Previous studies have shown that compounds released during milk fermentation by Lactobacillus helveticus are implicated in the antitumour effect of this product. Here the effects of the consumption, during 2 or 7 days, of kefir or kefir cell-free fraction (KF) on the systemic and local immune responses in mammary glands and tumours using a murine hormone-dependent breast cancer model were studied. In the tumour control group, mice did not receive these products. At the end of the feeding period, mice were injected subcutaneously with tumour cells in the mammary gland. Four days post-injection, they received kefir or KF on a cyclical basis. Rate of tumour development, cytokines in serum; mammary gland tissue, and tumour isolated cells were monitored. Two-day cyclical administration of both products delayed tumour growth. Both kefir and KF increased IL-10 in serum and decreased IL-6(+) cells (cytokine involved in oestrogen synthesis) in mammary glands. Two-day cyclical administration of KF increased IL-10(+) cells in mammary glands and in tumours and decreased IL-6(+) cells in tumour. This study demonstrated the modulatory capacity of KF on the immune response in mammary glands and tumours and the importance of the administration period to obtain this effect.

Nutr Cancer. 1997;28(1):93-9.   
    Antiproliferative effect of fermented milk on the growth of a human breast cancer cell line.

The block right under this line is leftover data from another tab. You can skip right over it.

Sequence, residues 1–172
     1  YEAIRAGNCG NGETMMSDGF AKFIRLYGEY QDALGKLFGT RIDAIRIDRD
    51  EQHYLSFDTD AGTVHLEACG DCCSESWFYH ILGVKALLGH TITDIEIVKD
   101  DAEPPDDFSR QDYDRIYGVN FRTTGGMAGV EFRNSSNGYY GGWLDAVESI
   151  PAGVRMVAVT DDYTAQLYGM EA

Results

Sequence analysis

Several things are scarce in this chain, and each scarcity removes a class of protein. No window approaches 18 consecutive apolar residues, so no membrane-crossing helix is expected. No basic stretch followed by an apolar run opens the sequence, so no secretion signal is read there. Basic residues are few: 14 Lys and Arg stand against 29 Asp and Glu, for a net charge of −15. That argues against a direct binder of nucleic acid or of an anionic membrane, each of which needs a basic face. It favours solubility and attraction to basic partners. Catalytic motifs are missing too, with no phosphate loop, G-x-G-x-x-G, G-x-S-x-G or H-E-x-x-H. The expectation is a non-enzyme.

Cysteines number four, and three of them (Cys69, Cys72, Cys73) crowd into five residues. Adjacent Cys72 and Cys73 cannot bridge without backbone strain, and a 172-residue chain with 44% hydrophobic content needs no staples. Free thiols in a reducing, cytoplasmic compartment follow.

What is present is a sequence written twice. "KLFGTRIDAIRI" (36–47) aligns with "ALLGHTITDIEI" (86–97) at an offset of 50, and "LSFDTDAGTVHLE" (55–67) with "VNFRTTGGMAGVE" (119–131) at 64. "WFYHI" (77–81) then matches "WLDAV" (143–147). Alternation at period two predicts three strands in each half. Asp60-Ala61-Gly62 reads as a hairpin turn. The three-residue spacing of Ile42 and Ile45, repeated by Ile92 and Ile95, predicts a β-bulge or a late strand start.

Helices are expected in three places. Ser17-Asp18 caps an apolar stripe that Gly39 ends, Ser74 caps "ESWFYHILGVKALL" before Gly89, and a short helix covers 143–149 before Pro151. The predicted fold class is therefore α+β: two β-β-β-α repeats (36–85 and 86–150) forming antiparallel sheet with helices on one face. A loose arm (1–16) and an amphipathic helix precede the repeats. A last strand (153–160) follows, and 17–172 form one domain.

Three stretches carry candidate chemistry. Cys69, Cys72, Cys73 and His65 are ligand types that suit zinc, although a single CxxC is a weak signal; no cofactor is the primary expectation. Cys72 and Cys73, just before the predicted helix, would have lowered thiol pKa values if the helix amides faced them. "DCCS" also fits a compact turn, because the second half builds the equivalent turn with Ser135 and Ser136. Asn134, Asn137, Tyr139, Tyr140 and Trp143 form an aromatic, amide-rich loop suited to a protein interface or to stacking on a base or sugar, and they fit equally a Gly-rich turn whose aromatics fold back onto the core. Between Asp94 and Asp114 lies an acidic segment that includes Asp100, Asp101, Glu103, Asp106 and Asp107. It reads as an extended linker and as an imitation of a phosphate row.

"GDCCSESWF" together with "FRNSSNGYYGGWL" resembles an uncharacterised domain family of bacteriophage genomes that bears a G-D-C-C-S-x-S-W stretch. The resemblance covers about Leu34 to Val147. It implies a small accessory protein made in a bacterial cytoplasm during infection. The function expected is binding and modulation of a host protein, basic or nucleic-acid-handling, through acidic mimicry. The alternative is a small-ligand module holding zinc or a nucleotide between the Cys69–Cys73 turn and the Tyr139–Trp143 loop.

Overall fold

Biffi A, Coradini D, Larsen R, Riva L, Di Fronzo G.
    Istituto Nazionale per lo Studio e la Cura dei Tumori, Milan, Italy.
    In vivo and in vitro studies have shown an antitumor activity of Lactobacilli in colon cancer, and some epidemiologic studies have indicated a reduced risk of breast cancer in women who consume fermented milk products. We studied the direct effect of milk fermented by five bacteria strains (Bifidobacterium infantis, Bifidobacterium bifidum, Bifidobacterium animalis, Lactobacillus acidophilus, and Lactobacillus paracasei) on the growth of the MCF7 breast cancer cell line. Our results showed a growth inhibition induced by all fermented milks, even though B. infantis and L. acidophilus were the most effective (85% inhibition after 9 days). The antiproliferative effect was not related to the presence of bacteria in fermented milk, and neither whole milk (crude or ultrahigh temperature sterlizied) nor its main fractions (lactalbumin or beta-lactoglobulin fraction) affected cell growth. Our findings suggest the presence of an ex novo soluble compound produced by lactic acid bacteria during milk fermentation or the microbial transformation of some milk components in a biologically active form. Although the mechanism of the antitumor activity is not clear, the present study suggests the potentiality offered by fermented milk as producers of compounds with antiproliferative activity useful in the prevention and therapy of solid tumors like breast cancer.